GOOSE CREEK, S.C. (AP) - Nearly 2 million Purple Hearts have been awarded to brave Americans who have been wounded or killed in the line of duty, and it is one of the highest honors that can be bestowed to veterans.
So last year when a dusty cardboard box was dropped off outside the American Legion Post 166 in Goose Creek with four unclaimed World War II campaign medals and a Purple Heart, Michael Thomas was shocked.
Military citations are rarely lost. They’re handed down for generations. Many veterans are buried with them. Some even end up in local museums. Thomas, a longtime member of the American Legion, knew something had to be done.
“They had gone astray,” Thomas said. “We don’t see medals get lost like this. It’s uncommon and it captured our attention. You just don’t find something like this.”
Don Pace, Post 166 commander, asked for the legion’s membership to create a committee dedicated to the medals’ return.
For the next year, Thomas and his compatriots took it upon themselves to do some digging. They called the Department of Defense for records. They scoured the internet. They tore through old documents. They wanted to do it right.
“It was not a one-man show,” Thomas said. “We spent a lot of time on this because we know what those medals mean to us.”
They had only one clue. A name was faintly inscribed on the back of the Purple Heart: “William Ennis Spencer.”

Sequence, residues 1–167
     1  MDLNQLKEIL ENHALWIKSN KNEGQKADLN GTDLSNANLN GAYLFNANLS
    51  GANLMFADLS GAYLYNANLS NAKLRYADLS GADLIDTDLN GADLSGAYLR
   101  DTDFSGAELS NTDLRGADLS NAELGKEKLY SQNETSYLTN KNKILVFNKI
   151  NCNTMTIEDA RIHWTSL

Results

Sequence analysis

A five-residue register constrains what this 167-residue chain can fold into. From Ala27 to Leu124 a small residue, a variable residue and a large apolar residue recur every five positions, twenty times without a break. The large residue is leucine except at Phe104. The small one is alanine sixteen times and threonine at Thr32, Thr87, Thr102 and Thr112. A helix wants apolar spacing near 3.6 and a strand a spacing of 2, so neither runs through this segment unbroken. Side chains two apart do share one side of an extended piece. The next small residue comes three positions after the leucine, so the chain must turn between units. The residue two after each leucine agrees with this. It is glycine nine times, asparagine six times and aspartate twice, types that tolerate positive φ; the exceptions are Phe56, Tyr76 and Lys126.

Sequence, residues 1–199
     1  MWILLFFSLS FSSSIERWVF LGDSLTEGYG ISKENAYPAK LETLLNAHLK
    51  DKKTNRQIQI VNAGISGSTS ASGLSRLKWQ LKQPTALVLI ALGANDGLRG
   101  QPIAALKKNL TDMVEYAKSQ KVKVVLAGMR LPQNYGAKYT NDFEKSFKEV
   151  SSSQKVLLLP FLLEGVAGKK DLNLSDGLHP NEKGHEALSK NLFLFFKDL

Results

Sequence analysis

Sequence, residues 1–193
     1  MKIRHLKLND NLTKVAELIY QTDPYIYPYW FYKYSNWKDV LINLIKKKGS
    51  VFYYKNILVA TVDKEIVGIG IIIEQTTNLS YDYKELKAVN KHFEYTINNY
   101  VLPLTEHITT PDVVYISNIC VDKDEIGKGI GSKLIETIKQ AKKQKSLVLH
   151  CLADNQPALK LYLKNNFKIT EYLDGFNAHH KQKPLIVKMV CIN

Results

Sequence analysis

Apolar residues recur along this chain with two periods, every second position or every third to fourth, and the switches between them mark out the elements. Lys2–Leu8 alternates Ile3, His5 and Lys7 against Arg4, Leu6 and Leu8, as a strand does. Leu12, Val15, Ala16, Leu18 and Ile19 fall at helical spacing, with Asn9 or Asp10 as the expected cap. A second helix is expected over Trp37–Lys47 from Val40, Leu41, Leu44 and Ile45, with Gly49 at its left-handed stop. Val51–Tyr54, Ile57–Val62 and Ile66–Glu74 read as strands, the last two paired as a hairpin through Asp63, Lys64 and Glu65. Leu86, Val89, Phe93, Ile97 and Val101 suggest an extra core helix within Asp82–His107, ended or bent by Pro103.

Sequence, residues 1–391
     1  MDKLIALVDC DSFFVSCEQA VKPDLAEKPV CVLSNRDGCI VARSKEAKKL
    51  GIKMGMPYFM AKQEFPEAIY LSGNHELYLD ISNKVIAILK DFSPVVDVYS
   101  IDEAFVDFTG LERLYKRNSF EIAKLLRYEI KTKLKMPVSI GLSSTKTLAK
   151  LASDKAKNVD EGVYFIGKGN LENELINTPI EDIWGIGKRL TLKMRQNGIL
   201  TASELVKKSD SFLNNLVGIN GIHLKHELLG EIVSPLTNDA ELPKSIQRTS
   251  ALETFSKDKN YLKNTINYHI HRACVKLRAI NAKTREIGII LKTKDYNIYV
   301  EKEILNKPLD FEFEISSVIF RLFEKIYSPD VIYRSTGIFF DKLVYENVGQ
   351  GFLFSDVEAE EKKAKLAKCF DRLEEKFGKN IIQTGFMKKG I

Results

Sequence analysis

Their journey uncovered one of the worst tragedies in Coast Guard history. And when it seemed like there was no one else to turn to when their research hit a wall, a family member emerged to fill in the blanks.
William Ennis Spencer Jr. was born in December 1911 in Chicago. Unsure of what to do during the height of the Great Depression, he enlisted in the Coast Guard at age 20. His enlistment was near Port Huron, Mich., but in 1935 he was transferred to Charleston.
Not only was the weather better but, in his opinion, the women were, too. Shortly after arriving, he met the love of his life - Esther Appleby from Reevesville in Dorchester County. They married in 1937 and the couple was promptly shipped to his next duty station in Fort Lauderdale, Fla. He brought his wife with him to the Sunshine State.
It was a good and peaceful life. But in less than five years, their path completely changed.
Following the attack on Pearl Harbor in December 1941, Spencer was commissioned as an ensign in the Coast Guard and then quickly promoted to lieutenant junior grade as the new supply officer for the destroyer escort Leopold. World War II had broken out, and America needed men to fight.
At 32, he was one of the oldest men on the ship. But he commanded respect among his peers because he had been an enlisted man first.
The Leopold was commissioned for service in October 1943. A month later, it began a series of training exercises in the Caribbean but in December 1943, made a pit stop in Charleston for eight days of repairs. It is believed that Spencer was able to reunite with his wife while he was ashore.
It would be the last time they’d see each other.